Porcini Hunters

Sunset over the Alps


A few weekends ago, the temperatures were projected to climb to the 90's... and rather than sit around in the stifling heat, we climbed up to the mountains instead.  It was a great weekend to get away with some friends... and, we also had another motive for running for the hills - it was a prime weekend for Porcini mushrooms!

We were in for a special treat as we made our way up the winding mountain roads.  A small cattle drive!  Around this time of the year, the cows are escorted down the mountain... and, of course, it's with great fan fare and festivity.  The locals celebrate the safe return after a Summer grazing and lounging away on the mountain pastures.  


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"Over 2,100 alpine farms nestled amidst the Arlberg and Kaiser Mountains, Karwendel and Lienz Dolomites accommodate around 110,000 heads of cattle, 70,000 sheep. 5,500 goats and 2,000 horses for summer grazing. When the cattle are herded back down to the valley after around four months, local people with the holidaymakers celebrate their safe homecoming in spectacular style. The animals are decked out in magnificent headdresses, garlands of flowers and ribbons, with bells attached to their heavy leather collars in thanks for an accident free summer on the alpine pastures. This occasion is known as Almabtrieb in German." - tyrol.com



Here are the ten upcoming cattle drive festivals in Tyrol.

Here's a little history behind these cattle drives or the Alpine transhumance.

All of the cars had to pull over and make room for the cows... they weren't stopping - no matter what!


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I always get the warm fuzzies when I see the cows lying out in the sun, munching on grass and flowers... they seem like truly 'happy cows'.  But, they definitely leave a mark on the landscape... and the mountains can be dangerous for these wandering cows.  Switzerland has similar experiences.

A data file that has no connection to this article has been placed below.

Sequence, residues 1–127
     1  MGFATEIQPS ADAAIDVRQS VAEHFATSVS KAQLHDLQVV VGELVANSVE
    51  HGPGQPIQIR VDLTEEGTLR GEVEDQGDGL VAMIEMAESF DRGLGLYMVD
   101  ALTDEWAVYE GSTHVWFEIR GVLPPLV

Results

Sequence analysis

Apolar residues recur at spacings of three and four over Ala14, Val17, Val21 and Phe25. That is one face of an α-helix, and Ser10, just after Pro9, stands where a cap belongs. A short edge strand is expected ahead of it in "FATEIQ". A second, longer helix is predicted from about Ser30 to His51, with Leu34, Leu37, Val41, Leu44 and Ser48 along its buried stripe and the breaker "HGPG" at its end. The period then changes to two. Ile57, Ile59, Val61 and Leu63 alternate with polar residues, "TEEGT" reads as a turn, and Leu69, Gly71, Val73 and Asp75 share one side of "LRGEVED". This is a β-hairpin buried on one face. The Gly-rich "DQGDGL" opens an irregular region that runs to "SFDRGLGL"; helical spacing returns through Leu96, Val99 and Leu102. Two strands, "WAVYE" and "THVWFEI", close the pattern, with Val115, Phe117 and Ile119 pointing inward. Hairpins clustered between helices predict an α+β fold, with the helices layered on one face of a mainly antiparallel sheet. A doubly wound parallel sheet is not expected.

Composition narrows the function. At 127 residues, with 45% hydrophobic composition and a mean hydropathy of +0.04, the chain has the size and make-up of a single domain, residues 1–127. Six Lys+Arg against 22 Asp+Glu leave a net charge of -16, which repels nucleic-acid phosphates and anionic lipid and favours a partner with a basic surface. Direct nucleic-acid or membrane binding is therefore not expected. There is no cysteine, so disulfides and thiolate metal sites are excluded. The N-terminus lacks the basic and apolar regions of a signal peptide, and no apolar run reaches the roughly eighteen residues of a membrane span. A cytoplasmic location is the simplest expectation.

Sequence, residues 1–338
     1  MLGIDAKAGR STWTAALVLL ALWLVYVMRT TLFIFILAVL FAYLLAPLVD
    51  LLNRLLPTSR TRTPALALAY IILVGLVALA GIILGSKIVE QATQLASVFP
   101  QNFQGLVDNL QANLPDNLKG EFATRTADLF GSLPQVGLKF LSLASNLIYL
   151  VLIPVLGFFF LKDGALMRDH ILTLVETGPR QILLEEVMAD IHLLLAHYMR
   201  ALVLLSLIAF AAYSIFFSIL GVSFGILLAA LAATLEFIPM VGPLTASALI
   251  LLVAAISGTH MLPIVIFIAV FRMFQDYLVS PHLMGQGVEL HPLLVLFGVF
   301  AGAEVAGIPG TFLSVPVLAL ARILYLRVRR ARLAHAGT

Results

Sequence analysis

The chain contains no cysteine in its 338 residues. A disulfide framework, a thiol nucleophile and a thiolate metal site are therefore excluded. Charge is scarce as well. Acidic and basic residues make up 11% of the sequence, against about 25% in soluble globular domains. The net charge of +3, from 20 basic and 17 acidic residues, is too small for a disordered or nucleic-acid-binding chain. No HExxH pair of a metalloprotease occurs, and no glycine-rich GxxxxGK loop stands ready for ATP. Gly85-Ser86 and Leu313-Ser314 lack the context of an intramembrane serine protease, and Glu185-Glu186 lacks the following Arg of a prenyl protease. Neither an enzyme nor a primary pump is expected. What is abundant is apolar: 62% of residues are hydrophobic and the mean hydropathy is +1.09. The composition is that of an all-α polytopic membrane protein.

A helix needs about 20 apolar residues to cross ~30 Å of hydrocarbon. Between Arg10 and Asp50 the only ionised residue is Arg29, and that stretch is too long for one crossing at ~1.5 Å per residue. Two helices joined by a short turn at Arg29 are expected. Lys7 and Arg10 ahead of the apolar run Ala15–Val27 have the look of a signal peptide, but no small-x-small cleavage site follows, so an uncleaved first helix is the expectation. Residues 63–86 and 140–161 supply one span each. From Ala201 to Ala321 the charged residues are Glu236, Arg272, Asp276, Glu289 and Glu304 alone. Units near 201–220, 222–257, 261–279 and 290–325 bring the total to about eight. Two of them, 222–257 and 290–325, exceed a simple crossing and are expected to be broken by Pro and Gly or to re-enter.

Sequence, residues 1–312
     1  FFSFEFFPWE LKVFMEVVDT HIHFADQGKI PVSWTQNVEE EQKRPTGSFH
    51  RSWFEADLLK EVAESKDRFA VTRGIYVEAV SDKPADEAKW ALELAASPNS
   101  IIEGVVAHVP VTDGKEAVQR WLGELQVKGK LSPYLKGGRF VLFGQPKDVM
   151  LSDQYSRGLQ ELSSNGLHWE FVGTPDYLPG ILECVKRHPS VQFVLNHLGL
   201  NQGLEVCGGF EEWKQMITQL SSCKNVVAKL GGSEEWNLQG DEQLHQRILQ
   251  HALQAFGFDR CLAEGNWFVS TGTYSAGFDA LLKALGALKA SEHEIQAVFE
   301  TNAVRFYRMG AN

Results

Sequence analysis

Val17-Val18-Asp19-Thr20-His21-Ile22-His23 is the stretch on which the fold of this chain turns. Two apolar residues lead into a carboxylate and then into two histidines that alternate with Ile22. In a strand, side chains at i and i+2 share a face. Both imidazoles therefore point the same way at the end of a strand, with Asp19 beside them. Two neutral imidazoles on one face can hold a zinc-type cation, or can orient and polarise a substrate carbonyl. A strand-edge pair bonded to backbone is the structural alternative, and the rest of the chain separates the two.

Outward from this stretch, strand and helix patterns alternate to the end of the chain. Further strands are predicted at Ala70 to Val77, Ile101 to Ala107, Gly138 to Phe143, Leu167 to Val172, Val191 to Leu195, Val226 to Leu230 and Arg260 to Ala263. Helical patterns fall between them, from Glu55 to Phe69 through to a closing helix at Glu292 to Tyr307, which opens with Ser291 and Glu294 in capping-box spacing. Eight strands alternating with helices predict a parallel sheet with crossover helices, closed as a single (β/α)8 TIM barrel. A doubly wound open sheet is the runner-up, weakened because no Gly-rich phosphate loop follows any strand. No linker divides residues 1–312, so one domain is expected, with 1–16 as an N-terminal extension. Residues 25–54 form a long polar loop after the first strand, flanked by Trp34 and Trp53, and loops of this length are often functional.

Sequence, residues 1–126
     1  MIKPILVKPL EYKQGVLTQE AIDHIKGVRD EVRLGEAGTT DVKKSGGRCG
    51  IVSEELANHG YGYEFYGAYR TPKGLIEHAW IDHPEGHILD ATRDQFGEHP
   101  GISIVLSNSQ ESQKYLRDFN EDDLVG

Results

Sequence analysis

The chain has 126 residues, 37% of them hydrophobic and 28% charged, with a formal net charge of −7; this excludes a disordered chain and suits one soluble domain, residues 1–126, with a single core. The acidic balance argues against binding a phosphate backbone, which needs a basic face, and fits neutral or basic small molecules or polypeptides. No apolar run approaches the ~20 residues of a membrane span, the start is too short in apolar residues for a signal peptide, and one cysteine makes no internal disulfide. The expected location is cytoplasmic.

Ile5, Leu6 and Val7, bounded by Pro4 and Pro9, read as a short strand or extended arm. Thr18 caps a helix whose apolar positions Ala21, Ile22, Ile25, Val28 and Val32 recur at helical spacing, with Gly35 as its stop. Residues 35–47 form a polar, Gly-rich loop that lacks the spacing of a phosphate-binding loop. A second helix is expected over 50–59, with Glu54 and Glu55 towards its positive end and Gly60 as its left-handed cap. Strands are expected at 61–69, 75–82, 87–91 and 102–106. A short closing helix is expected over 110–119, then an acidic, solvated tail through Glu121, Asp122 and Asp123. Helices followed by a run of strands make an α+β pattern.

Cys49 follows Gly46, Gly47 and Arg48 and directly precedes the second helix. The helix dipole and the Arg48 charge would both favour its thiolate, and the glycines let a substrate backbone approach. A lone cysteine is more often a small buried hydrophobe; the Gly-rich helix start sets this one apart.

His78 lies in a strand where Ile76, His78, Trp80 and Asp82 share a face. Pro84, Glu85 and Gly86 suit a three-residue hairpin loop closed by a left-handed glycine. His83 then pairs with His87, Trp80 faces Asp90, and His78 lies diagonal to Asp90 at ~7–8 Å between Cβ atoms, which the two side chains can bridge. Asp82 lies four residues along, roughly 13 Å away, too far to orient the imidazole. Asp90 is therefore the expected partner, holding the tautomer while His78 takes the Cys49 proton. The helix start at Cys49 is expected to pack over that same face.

1.  Happy Cow 2. Young Shaggy Ink Caps 3. Fresh Catch 4. Cleaned and Trimmed 5. Pool Party


Finally, up at the hut, there was some fun, some splashing... but, don't forget, the mission was MUSHROOMS!  Auntie Phia gave us a crash course on finding Porcini mushrooms, a knife, and a cotton bag and we were off!  

I'm not even going to start writing about the Porcini mushroom... I'll be here forever and open a can of worms that I'll never be able to close.  But, I'll just ramble off a few fun facts and/or tips I learned this weekend:

1.  Don't wear sneakers while mushroom hunting.  Remember the marks left behind by cows?  Well, those would be huge holes left by their hooves... that are usually filled with wet mud!  Mmmm... Our poor coco walked into one of these holes and was stuck belly deep in the mud! Water-proof hiking boots all the way! Besides, as Mikel says, if you're busy watching your step, you won't be able to really look for mushrooms!

2.  Be happy to find the poisonous toadstool, Amanita Muscaria.  When you find one of these, then the conditions are also optimal for the Porcini mushroom!


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3.  These mushrooms live symbiotically (aka mycorrhizal) with certain trees - pine, birch, spruce, helmlock, and fir, to name a few.  Lift up the lower branches that touch the ground - mushrooms can hide there!


1. Beautiful Sunset 2. Shaggy Ink Caps 3. Sliced Porcini 4. Porcini 5. The Return


4.  Look for the spongy underside of the mushroom cap - don't harvest anything with gills!  Or anything like the evil-looking shaggy ink cap mushroom!  We encountered a group of interesting tall mushrooms that in the next day opened up to look like they had been dipped in black tar - super cool and super scary at the same time.  But don't listen to me, I'm judging this book by its cover... apparently, you can eat these mushrooms... IF you know when and how to prepare them.

5.  Don't hang your new sunglasses in the crook of your shirt - as they will fall off silently into a giant mud puddle... and no matter how many times you back track, every muddy hole looks like the other one... and so on and so forth.  Besides, what are you thinking bringing sunnies when you'll be so focused on looking at the ground anyway?  

6.  Bring a thermos of water and some fruit or a hard-boiled egg - helps keep the energy (and the moods) up!

7.  Clean your mushrooms, slice off any slug eaten bits (be ready to fight with these slugs, as they love Porcini just as much as we do!)... and don't cringe when all of the fly maggots come out to say hello!  We let them just crawl out as we sliced the mushrooms.  They'll die in the drying process.

8.  Bring a yummy dessert to share with your mushroom hunting party... It'll be a nice end to a very fun day!!!

Servus!

Lemon Meringue Tart

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